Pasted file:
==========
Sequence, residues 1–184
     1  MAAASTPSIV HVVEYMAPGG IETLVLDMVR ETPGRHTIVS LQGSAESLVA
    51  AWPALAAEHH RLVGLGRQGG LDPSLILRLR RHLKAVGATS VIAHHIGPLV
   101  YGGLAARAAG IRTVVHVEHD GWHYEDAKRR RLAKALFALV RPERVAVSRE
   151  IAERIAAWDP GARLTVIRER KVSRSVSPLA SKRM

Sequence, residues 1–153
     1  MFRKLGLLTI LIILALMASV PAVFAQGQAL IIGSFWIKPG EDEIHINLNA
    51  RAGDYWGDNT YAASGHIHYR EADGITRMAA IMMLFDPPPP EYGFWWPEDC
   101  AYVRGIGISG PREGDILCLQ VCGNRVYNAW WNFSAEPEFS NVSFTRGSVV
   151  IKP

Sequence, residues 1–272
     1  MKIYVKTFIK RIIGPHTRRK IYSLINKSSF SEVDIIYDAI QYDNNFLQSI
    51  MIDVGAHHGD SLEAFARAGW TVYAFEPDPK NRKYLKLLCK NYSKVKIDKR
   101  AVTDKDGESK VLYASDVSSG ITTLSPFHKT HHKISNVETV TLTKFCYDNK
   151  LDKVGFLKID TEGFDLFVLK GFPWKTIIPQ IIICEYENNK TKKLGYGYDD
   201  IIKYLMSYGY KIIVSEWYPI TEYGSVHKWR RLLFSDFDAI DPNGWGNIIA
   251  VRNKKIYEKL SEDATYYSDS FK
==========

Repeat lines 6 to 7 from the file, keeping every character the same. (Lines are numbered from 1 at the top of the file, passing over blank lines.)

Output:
Sequence, residues 1–153
     1  MFRKLGLLTI LIILALMASV PAVFAQGQAL IIGSFWIKPG EDEIHINLNA